(man) Southern states are becoming very dissatisfied with the federal union. South Carolina is the first state to secede as a direct response to Abraham Lincoln's election in 1860.

(Alexa) One of the Confederacy's first acts is to seize all federal forts in the South. In Charleston, Union troops under Major Anderson are stationed at Fort Moultrie.

(Johnson) Fort Moultrie was in bad shape. Built in 1809, it was only one level high.

(Alexa) In the night, soldiers secretly rowed out to Fort Sumter, which was under construction.

(Johnson) Anderson and his men moved to Sumter, the newest fort in Charleston Harbor. It's three stories tall. It will be a state-of-the-art structure upon completion, and it's most defensible with a mile of water on all sides. For South Carolina militia units to attack, they'd have cross a mile of water. We're standing outside of the sally port, or the entrance, to Fort Sumter. We're on the granite wharf where Anderson and his men would have landed on the night of December 26, 1860.

(Alexa) For over three months, Anderson and his men peaceably held the fort. Then on April 12, the Confederate general Beauregard gave the command to open fire.

[cannons firing]

This is a weapon the rebs would have used to bomb the fort. This is a 10-inch mortar, a small cannon with a high trajectory used to shoot over the walls of a fortification. A similar model fired the first shot of the Civil War.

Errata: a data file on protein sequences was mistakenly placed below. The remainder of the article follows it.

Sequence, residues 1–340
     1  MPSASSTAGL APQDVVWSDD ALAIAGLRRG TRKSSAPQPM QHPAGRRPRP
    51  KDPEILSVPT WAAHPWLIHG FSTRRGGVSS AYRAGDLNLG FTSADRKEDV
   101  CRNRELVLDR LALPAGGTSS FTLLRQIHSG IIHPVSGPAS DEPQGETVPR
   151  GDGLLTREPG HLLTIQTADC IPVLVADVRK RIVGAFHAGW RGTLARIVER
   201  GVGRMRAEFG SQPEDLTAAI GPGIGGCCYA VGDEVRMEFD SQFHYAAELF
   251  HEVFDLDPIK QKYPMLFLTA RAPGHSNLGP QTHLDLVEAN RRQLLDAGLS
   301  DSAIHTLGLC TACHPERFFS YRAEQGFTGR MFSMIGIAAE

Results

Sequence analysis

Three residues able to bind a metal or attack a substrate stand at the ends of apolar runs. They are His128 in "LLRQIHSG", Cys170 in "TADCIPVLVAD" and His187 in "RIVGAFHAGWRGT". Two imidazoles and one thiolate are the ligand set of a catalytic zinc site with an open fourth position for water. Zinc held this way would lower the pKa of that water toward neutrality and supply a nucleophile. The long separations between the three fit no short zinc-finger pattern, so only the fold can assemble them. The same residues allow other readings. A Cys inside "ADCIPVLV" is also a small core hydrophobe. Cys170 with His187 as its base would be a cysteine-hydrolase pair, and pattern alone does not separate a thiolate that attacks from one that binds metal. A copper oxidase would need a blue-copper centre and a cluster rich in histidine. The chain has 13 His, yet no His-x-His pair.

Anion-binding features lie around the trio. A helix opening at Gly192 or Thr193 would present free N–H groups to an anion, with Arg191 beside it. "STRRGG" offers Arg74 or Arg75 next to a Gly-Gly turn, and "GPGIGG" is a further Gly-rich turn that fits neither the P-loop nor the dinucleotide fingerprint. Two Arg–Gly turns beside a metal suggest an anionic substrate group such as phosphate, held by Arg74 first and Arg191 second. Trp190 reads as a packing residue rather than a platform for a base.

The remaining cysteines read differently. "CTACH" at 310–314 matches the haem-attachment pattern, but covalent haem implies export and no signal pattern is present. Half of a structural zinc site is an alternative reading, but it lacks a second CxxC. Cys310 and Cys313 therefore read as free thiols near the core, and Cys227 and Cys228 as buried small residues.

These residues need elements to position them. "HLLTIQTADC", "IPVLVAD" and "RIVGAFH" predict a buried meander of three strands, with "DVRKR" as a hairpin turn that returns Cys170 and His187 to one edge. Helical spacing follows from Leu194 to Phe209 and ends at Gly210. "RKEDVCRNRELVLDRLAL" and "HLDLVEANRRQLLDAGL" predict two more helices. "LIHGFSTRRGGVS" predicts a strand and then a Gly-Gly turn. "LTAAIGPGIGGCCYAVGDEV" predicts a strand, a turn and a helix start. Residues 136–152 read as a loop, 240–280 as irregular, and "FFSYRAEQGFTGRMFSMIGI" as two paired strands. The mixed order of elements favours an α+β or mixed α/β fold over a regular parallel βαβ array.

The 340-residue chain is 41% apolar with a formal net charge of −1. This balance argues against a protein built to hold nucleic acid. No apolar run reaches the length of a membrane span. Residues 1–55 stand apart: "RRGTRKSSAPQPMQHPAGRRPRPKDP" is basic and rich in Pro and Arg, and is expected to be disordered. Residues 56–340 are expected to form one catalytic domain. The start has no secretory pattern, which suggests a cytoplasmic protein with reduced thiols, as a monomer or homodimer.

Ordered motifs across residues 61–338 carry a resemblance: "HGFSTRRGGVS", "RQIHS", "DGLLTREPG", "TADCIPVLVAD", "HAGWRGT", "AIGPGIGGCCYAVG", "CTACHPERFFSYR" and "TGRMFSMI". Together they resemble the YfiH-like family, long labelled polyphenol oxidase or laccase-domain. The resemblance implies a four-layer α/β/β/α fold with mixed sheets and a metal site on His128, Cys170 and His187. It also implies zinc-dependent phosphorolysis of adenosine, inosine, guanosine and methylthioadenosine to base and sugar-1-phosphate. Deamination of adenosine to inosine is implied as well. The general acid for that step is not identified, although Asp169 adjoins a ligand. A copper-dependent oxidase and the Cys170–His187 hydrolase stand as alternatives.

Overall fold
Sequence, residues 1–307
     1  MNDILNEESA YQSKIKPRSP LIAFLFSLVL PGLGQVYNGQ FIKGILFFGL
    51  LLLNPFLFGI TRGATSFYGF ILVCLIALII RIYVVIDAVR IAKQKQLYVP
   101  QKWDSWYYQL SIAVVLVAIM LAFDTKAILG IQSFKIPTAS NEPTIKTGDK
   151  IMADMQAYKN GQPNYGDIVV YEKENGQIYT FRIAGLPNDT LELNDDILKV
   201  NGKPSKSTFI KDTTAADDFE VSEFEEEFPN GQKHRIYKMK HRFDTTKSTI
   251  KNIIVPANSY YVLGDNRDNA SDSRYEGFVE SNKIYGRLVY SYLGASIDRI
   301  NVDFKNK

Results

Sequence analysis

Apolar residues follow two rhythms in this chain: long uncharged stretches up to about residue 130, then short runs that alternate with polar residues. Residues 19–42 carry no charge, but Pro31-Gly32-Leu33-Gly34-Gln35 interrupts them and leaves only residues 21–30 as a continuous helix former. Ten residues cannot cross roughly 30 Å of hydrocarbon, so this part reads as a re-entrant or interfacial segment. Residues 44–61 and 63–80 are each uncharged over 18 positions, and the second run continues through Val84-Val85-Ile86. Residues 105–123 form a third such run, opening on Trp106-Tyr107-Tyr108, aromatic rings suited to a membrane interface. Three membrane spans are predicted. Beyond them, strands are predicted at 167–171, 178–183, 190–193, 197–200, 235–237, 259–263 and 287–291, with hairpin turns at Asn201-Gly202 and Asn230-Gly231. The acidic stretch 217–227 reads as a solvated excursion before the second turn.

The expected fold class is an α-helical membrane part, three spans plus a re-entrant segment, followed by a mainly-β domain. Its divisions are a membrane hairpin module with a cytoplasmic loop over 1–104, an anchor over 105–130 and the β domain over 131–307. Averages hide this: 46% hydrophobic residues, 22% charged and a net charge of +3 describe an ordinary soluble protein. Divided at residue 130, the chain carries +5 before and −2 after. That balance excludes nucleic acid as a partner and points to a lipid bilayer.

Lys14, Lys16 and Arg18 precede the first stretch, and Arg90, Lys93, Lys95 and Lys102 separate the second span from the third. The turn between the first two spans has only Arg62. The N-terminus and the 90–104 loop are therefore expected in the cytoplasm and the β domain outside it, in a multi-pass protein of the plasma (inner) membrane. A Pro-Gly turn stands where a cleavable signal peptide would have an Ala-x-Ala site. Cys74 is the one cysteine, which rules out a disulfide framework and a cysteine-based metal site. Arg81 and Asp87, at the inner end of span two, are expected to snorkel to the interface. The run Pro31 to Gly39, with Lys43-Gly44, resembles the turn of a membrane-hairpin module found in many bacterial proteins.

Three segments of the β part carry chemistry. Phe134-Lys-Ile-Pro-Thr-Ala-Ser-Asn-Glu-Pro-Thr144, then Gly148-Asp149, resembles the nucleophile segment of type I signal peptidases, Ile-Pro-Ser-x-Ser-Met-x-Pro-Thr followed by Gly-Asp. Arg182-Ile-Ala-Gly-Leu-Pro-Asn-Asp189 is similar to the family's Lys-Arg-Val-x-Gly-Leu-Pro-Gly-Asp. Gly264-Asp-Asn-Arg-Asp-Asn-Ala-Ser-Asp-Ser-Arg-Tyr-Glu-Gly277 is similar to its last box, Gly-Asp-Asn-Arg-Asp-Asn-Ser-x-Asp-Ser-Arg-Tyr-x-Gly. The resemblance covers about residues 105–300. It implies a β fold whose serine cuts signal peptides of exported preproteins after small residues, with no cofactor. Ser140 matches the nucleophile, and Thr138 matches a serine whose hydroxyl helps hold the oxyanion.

[cannon fires]

(Johnson) We're inside of a casemate. A casemate is a gun room. It would have had one gun inside, as you can see. This fired off a 42-pound cannonball. It's likely that this cannon was here during the first bombardment of the Civil War and may have participated in it. It might have been active from April 12 to April 13, 1861, firing at Confederate forts in Charleston Harbor.

(Alexa) To give the huge cannons a wider range of fire, they're mounted on wheels.

(Johnson) Each cannon runs on a traverse rail to move it.

(Alexa) Anderson and his men held out for 34 grueling hours. People in Charleston watched the fighting from rooftops and along the harbor. A cease-fire was finally arranged. Lowering the U.S. flag, the Union soldiers were allowed to leave with honor. But the story of Fort Sumter didn't end there. It becomes the target of another, even more devastating attack.

I'll tell you about that when Teen Kids News returns. Alexa continues her report on the battle that started America's most tragic war.

(Alexa) After the rebs forced the Union to abandon Fort Sumter, the Confederate flag flew over the fort. But as the tide turned in favor of the North, Charleston came under siege. Time and again, the Union tried to capture the fort, but the defenders wouldn't give up. The turning point finally came on July 18, 1863, when Union forces attacked Fort Wagner on nearby Morris Island. And the 54th Massachusetts Regiment leads this attack. The 54th Massachusetts was untried in battle. They're an all-black regiment that was raised up in Boston.